21 04 2010

While I intended this blog as an academic exercise, I’m finding my time spent elsewhere. Yes, I’ve enjoyed the History of Christianity in Asia and a rather conservative commentary on Ephesians. But what I’ve really been reading? Charles Kraft’s I Give You Authority. Demons. Spiritual warfare.

Too often people read such books with a morbid fascination, a strong dread, and a good dose of skepticism. Because, after all, we’re modernists. Or early post-modernists. Or just plain human.

But that’s not how I read it. I’ve had to dig back about 5 years and remember what I’ve learned before. And the truth is, his books say very little that I don’t already know. I mean, I haven’t articulated it all as clearly as he has, but most of what he says I know to be true from my own experience.

The world we walk in is just one facet of reality. But God has given his power that humans in this world may influence the spiritual. So often we’re blind to that. Maybe we’ve never been shown the spiritual world, or maybe we deny it. But it’s there. And the more we ignore / deny it, the more power we give to Satan.

The people I’ve known to be the most effective in ministry, are those that balance the two: professors, pastors, missionaries…. an academic without spiritual awareness lacks authority, and the spiritually aware, without understanding, is easily misled.

Christianity introduced to Japan

4 04 2010

As promised, I’ve been reading Moffett’s History of Christianity in Asia. In particular, I started with Japan. Looking into the history of a culture clarifies its present.

Francis Xavier (a fascinating figure I should like to write more about) was the first to enter Japan as a missionary in the 1500’s. Yeah, over 500 years ago. Before the founding of the Lost Colony of Roanoke in the New World, a Jesuit priest was contemplating missions strategies for Japan. After his experience in India, where focusing on lower classes resulted in only local effectiveness, Xavier decided to start at the other end. In Japan, he chose to approach the ruling class, the feudal lords, the daimyo.

Personally, I would say that given Japanese culture and its attitude to authority, he couldn’t have had a better approach. Japan is a very top-down, group-focused culture. If you convert the leaders, others will follow. (I’m not sure that would be as effective an approach in American culture, where we tend to be suspicious of leaders and pride ourselves on “independent” thinking.)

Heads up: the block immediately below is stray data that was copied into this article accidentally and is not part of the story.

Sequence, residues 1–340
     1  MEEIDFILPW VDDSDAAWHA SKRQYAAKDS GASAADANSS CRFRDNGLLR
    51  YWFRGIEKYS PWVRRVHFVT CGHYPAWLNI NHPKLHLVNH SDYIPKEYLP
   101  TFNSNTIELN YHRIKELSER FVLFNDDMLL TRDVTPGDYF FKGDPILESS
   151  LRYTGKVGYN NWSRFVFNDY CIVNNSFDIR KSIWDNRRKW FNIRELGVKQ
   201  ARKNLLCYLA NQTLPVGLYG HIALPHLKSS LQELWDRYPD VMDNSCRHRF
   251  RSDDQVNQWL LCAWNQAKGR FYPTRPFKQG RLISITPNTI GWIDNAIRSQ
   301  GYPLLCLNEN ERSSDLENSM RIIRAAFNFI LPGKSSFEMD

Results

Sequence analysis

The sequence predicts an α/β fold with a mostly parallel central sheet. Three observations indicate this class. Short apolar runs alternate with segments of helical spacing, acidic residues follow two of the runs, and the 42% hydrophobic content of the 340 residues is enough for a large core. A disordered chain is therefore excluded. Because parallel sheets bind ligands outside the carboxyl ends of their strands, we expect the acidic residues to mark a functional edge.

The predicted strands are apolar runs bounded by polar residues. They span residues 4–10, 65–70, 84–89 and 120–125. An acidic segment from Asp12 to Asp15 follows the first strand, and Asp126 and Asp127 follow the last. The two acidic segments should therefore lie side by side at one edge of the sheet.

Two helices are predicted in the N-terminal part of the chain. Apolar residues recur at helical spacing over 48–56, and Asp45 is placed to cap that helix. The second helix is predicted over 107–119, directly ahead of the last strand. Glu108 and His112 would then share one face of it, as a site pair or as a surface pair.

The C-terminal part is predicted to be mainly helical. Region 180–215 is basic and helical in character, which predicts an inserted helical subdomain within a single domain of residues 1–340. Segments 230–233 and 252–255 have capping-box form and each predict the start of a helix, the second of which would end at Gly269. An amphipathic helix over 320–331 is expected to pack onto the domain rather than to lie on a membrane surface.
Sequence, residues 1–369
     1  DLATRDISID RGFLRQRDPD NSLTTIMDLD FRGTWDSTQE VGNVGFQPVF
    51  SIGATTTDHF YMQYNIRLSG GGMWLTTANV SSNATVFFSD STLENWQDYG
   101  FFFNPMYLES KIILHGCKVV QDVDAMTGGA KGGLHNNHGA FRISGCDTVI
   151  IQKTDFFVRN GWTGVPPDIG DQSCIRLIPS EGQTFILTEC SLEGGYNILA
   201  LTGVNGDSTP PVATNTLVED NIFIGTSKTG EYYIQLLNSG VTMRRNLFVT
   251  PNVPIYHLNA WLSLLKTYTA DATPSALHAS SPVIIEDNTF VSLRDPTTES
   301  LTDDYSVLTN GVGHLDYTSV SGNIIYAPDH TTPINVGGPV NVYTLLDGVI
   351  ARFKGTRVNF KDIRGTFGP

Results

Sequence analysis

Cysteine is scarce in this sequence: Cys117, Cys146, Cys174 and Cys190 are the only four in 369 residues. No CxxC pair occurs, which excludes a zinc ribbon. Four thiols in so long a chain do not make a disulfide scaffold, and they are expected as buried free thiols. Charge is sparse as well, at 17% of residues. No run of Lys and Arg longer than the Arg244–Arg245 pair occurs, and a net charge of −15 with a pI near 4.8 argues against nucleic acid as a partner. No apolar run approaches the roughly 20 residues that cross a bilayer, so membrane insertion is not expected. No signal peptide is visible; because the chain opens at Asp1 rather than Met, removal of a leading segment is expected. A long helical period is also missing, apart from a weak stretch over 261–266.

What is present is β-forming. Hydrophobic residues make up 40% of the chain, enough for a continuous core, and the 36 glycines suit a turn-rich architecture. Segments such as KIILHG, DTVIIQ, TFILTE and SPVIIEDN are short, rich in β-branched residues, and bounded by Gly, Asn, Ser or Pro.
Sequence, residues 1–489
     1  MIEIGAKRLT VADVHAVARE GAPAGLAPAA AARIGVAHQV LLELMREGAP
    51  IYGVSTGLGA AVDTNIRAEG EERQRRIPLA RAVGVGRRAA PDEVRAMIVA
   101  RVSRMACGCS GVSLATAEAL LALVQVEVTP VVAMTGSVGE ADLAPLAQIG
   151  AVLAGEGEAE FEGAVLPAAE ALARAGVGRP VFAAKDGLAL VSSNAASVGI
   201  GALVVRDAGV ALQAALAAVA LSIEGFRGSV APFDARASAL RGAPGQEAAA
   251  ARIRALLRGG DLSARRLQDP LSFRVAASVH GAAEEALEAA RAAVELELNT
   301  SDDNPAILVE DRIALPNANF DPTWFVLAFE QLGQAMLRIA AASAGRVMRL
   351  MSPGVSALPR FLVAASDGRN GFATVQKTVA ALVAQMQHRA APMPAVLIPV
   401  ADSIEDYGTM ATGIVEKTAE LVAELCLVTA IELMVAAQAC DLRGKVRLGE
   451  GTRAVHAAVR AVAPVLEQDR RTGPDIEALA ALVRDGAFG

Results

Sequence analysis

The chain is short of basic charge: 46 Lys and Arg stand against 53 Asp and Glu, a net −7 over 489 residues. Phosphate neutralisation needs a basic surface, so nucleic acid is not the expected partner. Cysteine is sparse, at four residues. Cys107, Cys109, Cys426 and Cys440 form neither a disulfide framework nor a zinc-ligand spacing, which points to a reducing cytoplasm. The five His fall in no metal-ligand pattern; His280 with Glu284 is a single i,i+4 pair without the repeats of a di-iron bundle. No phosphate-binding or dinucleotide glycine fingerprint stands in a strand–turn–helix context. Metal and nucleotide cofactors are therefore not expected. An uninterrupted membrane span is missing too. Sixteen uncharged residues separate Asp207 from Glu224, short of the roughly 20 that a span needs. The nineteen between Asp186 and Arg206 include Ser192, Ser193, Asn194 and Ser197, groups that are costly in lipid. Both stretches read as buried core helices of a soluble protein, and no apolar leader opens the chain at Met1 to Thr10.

The mission had success. In fact, as Moffett points out, there were a higher percentage of Christians in Japan in 1600 than in 2000. But he also points out, rightly, “how little the Christian century [1500’s] affected the subsequent history of Japan.” (pg. 68)

It is indeed astonishing to know that a country which, for its own reasons, welcomed Christianity, was later able to stamp it out, and still remains a mysteriously closed door. I would suggest it has much to do with the nature of Japanese culture and missionaries’ inability to understand and speak into the Japanese context. On the other hand, I would also suggest that when Japan does finally hear the gospel, it will be a powerful and sudden conversion.

So, Xavier departed in 1552, after just 3 yrs in the field. Think about how short 3 yrs is to introduce Christianity to even a single person and give them the knowledge and faith to face a lifetime of following Christ without a mature Christian community! Now realize he did that for an entire people. Of course, Jesus did the same for all of humanity in the same 3 years… so I supposed standards are relative. Anyway, in just 30 years (to 1581), th numbers grew from 800 to 100,000. All of that, by the way, was long before the first successful colonies in America.

So, that’s where I’ll leave the history of Japanese Christianity for the moment. Introduced, spreading like wildfire, but… something went wrong.

No matter how old I get . . .

1 04 2010

There are still days where I feel and act like a child. Days where simple things leave me frustrated and in tears, where the world seems too harsh a place. Days where I run to my Father and just cry into his arms, often over spilled milk.

I’m thankful for these days. They put me in my place and remind me how great a Father I have.

Father, thank you for always being there. For holding me tight and letting me be angry. And thank you for not leaving me in that place.